- Mechelle Voepel, espnW.com
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SANTA BARBARA, Calif. -- There's a difference between being motivated and haunted. The Akron men's soccer team saw a national championship slip away on penalty kicks last year in the College Cup.
It was the only loss in what was otherwise a near perfect season, and in the postmatch agony, Zips coach Caleb Porter got his point across: It hurts, but don't let this crush you. We'll come back and finish the job next year.
Which is exactly what Akron did at sun-drenched Harder Stadium near the Pacific Ocean on Sunday afternoon. Chilly as the weather may have been in Ohio, the Akron community probably felt the warmth all the way from the West Coast after the Zips' 1-0 championship-game victory against Louisville.
"It's our first one, it kind of breaks the ice," Akron's Zarek Valentin said of the Zips winning the school's first NCAA title and boosting the entire Mid-American Conference. "It gives the rest of the student body hope that we can keep progressing in all the sports.
"When people think about Akron, they hear LeBron James' name and that whole fiasco. But now it gives people a positive look: 'Oh, they have a pretty good soccer team.' It gives people a good feeling in the community."
This men's soccer season really did come down to the two best teams: No. 1 seed and unbeaten Louisville versus No. 3 seed Akron, the team that had come so close to winning last year.
But it's still fascinating how many storylines intertwined for this championship. It pitted Akron against the coach, Ken Lolla, who had spent 13 years building the Zips' program before being lured to lead Louisville in 2005.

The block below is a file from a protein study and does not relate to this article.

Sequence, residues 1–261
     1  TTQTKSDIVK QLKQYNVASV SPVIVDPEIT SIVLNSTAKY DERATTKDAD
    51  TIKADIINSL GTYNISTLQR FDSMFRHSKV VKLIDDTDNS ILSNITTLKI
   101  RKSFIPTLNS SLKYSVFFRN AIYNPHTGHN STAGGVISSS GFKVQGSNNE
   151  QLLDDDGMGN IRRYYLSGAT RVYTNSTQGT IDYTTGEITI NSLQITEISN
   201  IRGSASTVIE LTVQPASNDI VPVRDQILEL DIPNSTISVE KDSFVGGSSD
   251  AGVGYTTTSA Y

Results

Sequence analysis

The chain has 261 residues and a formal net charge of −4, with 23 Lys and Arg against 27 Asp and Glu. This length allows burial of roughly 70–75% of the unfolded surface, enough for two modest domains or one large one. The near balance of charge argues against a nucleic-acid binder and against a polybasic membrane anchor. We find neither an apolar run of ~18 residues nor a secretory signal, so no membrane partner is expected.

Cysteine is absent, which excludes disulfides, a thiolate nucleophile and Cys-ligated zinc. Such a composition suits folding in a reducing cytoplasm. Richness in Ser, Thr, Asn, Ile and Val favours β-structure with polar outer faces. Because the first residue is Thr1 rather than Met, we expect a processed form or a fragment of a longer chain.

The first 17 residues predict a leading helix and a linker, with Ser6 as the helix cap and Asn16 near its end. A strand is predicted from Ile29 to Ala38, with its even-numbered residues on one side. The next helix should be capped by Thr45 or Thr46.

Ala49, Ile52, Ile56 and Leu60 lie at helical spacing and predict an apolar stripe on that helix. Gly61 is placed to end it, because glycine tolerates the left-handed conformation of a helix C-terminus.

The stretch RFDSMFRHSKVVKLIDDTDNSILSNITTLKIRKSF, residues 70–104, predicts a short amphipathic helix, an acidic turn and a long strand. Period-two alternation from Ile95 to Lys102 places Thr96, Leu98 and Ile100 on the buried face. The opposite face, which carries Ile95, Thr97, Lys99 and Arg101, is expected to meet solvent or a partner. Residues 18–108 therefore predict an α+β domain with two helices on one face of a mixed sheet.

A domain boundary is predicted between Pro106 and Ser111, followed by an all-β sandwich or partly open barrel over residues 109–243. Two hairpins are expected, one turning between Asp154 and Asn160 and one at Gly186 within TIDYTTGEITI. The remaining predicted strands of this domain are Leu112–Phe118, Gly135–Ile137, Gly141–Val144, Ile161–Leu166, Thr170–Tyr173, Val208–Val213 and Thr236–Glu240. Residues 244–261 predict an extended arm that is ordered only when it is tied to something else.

It matched up several players who knew each other from years of playing club ball with and against each other. And two of them, who had been friends since they were in grade school, were on opposite ends of a dramatic play in the final minute Sunday.
A scramble ensued after a corner kick, during which Akron goalkeeper David Meves made a save but was taken away from the goal front. The ball got loose, and suddenly Louisville's Aaron Horton -- who had scored the winning goal in the Cardinals' previous two matches -- found himself with only one Akron man to beat. And that wasn't the keeper.
It was defender Chad Barson, who had played with Horton on the Ohio FC Mutiny club team for years. Horton might have just been too wide-open; he ended up putting a shot right in the middle, where Barson was able to deflect it away.
"I tried to take my chance again, and put it in the net," Horton said. "They made a good save off the line. That's the way it goes sometimes."
The game was soon over, with the Zips celebrating and Horton lying facedown in disbelief on the field. Barson had some words of consolation for Horton.
"I told him he'd had a tremendous year and done so much for his team," Barson said. "He knows he's a good player and how much work he put into it.
"When I saw him with the ball, a lot just raced through my head really quickly. I was on the line, but decided to take a couple of steps forward to cut off the angles better. You don't have much time to think, so it was just a gut feeling and I was able to get a foot on it."
Barson said he was sure if he hadn't done that, one of his teammates would have been able to back him up. But the truth is, he was the only Akron player really standing between Horton and the equalizer. It's indicative of the Zips' unity, though, that Barson was so certain that someone else could have made the play.
"It was a melee," Porter said of the final sequence in front of Akron's goal. "I turned around after it, and I couldn't do anything but just start laughing. Because I've been around this game long enough to know that when you're meant to win, you're going to win. When your team believes it, it's going to happen.